Thursday, May 7, 2009
Ralph & Rosie's Deli, Bergen
Ralph & Rosie's Deli in Bergen, Genesee County, is a little farther away than I would ordinarily travel for a pizza, but I'd run across more than one online review saying how good their pizza was and I had to give it a try.
When I ordered, the guy asked if I wanted "regular" or "sweet" sauce. I wasn't expecting this question, so I asked what was more popular, and he said the sweet. Although the idea of a sweet pizza sauce wouldn't typically appeal to me, I figured if that's what the locals like, let's check it out.
I went to pick it up in Bergen, which is one of those sleepy-looking, Mayberryesque villages that makes you feels as if you've stumbled into a John Cougar Mellencamp video. It's the kind of place that has one of each "hometown" business: one bakery, one bar, one antique shop, and, of course, one pizzeria, Ralph & Rosie's. R&R's sits next to an American Legion post in the middle of the two-block long business district, which consists of a row of well-preserved brick buildings along the main drag, Lake Ave. (the lake in this case being Lake Ontario, about 20 miles north).
Well, you get the picture. Let's move on to the pizza. On first look, it wasn't too visually impressive. It had a puffy thickness, and the golden brown bottom showed that it had been cooked on a screen. The cheese was lightly browned here and there.
Taking a bite, one of the first things I noticed was the sweet sauce. Now admittedly I was paying extra attention to the sauce, but I think I would've noticed it right away even if I hadn't been. It wasn't super, sugary sweet, but it lacked the acidic tang of a typical pizza sauce. I guess "sweet" here is a relative term, then, as I would only call this sweet in comparison to most other sauces.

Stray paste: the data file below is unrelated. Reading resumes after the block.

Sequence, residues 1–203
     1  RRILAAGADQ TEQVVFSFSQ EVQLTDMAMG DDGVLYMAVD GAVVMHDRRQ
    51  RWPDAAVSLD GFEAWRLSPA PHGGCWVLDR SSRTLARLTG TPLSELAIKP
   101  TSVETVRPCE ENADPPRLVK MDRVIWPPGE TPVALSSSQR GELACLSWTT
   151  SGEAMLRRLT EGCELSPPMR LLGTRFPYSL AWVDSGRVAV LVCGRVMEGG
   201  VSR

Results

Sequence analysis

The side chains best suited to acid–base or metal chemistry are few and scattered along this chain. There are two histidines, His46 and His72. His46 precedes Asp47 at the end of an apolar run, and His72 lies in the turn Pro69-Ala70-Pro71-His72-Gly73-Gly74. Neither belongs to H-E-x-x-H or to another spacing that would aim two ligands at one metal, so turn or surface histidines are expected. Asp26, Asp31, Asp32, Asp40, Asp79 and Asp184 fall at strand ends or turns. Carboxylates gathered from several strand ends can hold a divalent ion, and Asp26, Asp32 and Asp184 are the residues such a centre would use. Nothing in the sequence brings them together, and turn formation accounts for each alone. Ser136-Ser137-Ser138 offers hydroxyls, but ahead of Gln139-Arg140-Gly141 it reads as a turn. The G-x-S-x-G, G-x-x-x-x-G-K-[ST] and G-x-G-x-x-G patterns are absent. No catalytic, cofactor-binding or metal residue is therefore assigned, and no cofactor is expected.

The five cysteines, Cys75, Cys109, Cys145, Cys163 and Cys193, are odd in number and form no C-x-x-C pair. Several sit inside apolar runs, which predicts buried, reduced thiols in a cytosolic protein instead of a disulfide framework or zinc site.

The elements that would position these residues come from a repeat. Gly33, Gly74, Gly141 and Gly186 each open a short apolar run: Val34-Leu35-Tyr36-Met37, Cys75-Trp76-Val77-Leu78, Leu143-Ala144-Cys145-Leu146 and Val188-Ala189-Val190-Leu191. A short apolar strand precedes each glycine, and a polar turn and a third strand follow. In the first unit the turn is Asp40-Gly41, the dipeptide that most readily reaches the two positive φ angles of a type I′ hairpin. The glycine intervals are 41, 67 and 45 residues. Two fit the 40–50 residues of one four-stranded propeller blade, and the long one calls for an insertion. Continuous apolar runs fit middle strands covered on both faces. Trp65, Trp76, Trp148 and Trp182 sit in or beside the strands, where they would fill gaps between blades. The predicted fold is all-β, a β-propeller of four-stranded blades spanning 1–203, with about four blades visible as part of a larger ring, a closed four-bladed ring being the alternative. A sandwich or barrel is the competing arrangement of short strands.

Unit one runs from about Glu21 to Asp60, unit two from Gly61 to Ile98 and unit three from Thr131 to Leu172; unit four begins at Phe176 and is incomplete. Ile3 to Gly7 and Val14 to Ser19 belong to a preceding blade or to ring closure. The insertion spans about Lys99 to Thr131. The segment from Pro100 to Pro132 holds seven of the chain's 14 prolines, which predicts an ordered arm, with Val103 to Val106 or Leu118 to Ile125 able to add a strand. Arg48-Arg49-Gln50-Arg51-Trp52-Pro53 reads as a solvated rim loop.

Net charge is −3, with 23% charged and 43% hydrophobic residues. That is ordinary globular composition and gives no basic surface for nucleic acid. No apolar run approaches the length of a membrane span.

The sauce was a major player here, as was the crust. It was soft and doughy, with a dinner-roll-like texture, and a slightly oily crunchiness along the edges.
The cheese was applied moderately, and definitely took a back seat to both the sauce and the crust. The pepperoni was the wide-and-thin variety.
The verdict? Well, I wouldn't call this world-class pizza by any means, as I was not too crazy about the crust. Too soft, doughy and bland for my tastes.
But more important than that, this pizza was distinctive. I didn't drive half an hour just to get a generic pizza, and that's not what I got. In this era of homogenization and retail chains, it's important to hold onto some things that are unique, and to my mind pizza is one of the most important parts of everyday life that needs to stay that way. I can still remember vividly the pizzas I had from a number of pizzerias in my home town when I was growing up, most of which are now gone forever. And I can see why for Bergenites (Bergenians? Bergeners?), Ralph & Rosie's sweet pizza will always be their hometown pizza, like no other.
Trying to stay objective, I'll give this a C+, though I can understand why locals might consider it an A+.